## Section: Application Domains

### Chemistry

The treatment of *chemical reactions* in the framework of OT is a rather recent development.
The classical theory must be extended to deal with
the transfer of mass between different particle species by means of chemical reactions.
That extension is still far from complete at the moment,
but there is a lot of progress currently, some of which we try to capture in the workshop.

A promising and significant recent advance is the introduction and analysis of a novel metric
that combines the pure transport elements of the Wasserstein distance
with the annihilation and creation of mass, which is a first approximation of chemical reactions.
The logical next challenge is the extension of OT concepts to vectorial quantities,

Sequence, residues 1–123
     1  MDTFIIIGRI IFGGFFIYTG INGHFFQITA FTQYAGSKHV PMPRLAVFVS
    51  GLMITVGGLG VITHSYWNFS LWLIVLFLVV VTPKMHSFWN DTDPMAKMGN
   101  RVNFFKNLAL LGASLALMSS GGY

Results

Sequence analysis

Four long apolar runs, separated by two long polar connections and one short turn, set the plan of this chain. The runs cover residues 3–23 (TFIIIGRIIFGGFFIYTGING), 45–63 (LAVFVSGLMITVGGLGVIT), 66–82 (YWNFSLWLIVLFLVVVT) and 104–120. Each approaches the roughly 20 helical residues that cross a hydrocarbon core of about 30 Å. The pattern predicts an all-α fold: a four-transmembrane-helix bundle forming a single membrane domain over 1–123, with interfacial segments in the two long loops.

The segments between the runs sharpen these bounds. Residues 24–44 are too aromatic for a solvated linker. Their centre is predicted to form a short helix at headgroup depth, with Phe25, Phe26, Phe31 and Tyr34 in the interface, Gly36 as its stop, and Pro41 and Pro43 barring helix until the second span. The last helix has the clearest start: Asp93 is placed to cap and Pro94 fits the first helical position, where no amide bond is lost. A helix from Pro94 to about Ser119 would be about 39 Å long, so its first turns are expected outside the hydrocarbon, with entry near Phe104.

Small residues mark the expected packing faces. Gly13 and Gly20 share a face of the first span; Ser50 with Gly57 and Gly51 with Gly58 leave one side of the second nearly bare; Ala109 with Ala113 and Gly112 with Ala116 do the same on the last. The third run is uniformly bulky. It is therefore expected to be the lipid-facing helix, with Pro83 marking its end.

which allows to rewrite cross-diffusion systems for the concentration of several chemical species as gradient flows in the associated metric.
An example of application is the modeling of a *chemical vapor deposition process*,
used for the manufacturing of thin-film solar cells for instance.
This leads to a degenerate cross-diffusion equations, whose analysis — without the use of OT theory — is delicate.
Finding an appropriate OT framework to give the formal gradient flow structure a rigorous meaning
would be a significant advance for the applicability of the theory, also in other contexts, like for biological multi-species diffusion.

A very different application of OT in chemistry is a novel approach to the understanding of *density functional theory* (DFT)
by using optimal transport with “Coulomb costs”, which is highly non convex and singular.
Albeit this theory shares some properties with the usual optimal transportation problems,
it does not induce a metric between probability measures.
It also uses the multi-marginal extension of OT, which is an active field on its own right.